"Argue for or against the proposition that, in the context of wealthy and powerful transnational corporations, it is inappropriate to assume that each company in a group is a separate legal person. " The principle of separate legal personality was developed in the Salomon1 case, having first been acknowledged in Edmunds v Brown and Tillard. 2 A company is recognised as a person separate from its members on incorporation. There are, however, various Common Law and Statutory exceptions to this rule.
'Lifting the veil' involves looking behind the company's separate legal personality to make its members liable to the creditors rather than just the company in it self. 3 This can be distinguished from making Directors of a company personally liable. Common law exceptions Under the English common law the main exceptions to the Salomon principle have been identified in Adams v Cape as single economic entity, fraud or fai?? ade and agency. 4 Single economic entity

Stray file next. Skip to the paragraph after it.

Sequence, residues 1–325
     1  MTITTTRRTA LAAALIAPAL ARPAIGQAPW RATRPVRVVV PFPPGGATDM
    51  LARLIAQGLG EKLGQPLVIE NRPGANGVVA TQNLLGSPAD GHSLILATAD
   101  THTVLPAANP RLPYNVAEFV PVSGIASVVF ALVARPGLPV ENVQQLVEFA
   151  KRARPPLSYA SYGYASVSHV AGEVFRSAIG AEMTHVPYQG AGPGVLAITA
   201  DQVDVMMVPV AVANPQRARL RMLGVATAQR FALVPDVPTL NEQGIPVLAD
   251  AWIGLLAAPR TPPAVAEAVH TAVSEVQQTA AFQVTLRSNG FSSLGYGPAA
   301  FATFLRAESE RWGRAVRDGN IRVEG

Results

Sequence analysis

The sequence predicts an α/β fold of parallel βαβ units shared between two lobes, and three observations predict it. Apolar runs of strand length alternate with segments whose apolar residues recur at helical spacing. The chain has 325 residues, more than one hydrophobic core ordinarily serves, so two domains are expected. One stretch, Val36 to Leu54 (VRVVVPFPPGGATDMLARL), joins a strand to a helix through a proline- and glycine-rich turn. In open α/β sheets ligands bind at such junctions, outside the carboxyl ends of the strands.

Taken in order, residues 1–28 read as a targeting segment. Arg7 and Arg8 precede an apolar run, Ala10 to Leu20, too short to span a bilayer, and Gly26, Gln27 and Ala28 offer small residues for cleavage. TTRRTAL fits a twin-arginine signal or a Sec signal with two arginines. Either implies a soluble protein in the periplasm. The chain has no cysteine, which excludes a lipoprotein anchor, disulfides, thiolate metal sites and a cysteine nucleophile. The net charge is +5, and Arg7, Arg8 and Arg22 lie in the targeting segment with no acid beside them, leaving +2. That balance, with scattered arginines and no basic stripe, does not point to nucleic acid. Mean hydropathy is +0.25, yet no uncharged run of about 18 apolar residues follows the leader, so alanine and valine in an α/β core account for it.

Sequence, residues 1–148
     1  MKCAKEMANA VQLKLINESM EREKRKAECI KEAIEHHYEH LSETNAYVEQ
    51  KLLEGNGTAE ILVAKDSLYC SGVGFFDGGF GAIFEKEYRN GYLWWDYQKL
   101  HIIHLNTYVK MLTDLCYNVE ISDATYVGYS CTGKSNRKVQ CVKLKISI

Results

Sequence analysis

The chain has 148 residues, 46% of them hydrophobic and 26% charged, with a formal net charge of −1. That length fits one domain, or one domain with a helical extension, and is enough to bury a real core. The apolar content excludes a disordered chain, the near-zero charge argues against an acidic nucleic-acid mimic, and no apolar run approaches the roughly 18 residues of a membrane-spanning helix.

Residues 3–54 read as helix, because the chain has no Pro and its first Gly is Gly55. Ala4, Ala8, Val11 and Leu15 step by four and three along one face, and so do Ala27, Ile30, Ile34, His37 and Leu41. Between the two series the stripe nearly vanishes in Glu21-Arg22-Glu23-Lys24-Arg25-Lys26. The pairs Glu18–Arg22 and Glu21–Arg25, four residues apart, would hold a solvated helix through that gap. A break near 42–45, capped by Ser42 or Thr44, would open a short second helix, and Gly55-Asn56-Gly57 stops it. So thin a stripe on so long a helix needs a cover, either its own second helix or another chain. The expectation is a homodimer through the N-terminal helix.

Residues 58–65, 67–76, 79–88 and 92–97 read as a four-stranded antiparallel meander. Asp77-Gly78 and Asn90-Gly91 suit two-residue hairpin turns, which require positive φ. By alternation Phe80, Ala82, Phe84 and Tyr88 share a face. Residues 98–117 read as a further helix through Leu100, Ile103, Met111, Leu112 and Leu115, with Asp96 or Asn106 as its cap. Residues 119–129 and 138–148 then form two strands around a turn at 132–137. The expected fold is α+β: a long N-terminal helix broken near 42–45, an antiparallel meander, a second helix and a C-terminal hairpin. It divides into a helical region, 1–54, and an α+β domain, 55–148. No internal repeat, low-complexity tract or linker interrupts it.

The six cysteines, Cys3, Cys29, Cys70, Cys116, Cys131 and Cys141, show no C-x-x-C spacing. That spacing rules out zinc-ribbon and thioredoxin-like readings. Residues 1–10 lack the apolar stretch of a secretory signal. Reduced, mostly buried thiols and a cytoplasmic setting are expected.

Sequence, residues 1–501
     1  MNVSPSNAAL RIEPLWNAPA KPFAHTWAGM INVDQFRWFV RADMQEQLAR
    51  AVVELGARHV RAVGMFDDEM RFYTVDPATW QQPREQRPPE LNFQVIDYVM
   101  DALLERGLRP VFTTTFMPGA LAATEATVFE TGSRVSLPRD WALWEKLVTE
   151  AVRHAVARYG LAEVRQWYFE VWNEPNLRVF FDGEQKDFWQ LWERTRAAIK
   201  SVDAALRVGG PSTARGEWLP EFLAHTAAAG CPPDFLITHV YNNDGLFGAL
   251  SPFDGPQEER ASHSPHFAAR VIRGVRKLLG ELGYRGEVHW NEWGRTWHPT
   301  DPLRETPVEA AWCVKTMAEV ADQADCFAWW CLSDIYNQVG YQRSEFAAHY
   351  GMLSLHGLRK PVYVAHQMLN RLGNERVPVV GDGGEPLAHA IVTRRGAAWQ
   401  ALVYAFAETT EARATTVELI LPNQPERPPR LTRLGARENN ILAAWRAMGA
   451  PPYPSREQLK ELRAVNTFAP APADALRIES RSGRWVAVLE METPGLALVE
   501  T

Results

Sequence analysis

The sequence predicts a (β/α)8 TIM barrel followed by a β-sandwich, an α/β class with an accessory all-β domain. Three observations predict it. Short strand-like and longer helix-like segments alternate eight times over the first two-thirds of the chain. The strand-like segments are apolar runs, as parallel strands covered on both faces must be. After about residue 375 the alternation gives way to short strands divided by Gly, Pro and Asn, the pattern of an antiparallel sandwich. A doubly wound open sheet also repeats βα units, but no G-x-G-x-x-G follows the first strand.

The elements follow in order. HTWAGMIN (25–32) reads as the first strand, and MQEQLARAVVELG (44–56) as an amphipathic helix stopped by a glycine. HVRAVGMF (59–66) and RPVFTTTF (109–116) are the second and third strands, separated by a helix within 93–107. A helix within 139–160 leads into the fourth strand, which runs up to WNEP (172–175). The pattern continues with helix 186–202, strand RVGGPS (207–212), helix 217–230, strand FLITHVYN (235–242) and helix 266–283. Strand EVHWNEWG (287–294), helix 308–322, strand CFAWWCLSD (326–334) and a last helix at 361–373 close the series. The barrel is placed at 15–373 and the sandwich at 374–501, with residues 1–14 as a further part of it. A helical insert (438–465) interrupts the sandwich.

Where a group of companies can be recognised as a single economic entity, each particular company within this group will not be considered as having its own separate legal personality. DHN Food Distribution v Tower Hamlets LBC5 It was held that a group of companies was a single economic unit, thus enabling the group to claim compensation on the compulsory purchase of land even though the land from which the business was operated was owned by a subsidiary and the business was operated by the parent company.
Fraud/ fai?? ade A company's separate legal personality will be ignored where the company has been used to avoid liability or to gain an illegitimate benefit. 6 Woolfson v Strathclyde Regional Council7- disapproved DHN. This case was similar to DHN but it disapproved the decision made. The Salomon rule was applied and it was held that there is no general principle for the courts to lift the veil.
A single economic entity can be found where (1) a statutory provision allows (2) a term in a contract allows. In Jones v Lipman8 the veil was lifted on the basis that the company was a sham incorporated solely for the purpose of defeating Jones' right to the land. This was also the case in Gilford Motor v Horne9 where the veil was lifted when the company was found to be a sham to enable Horne to evade his legal obligations.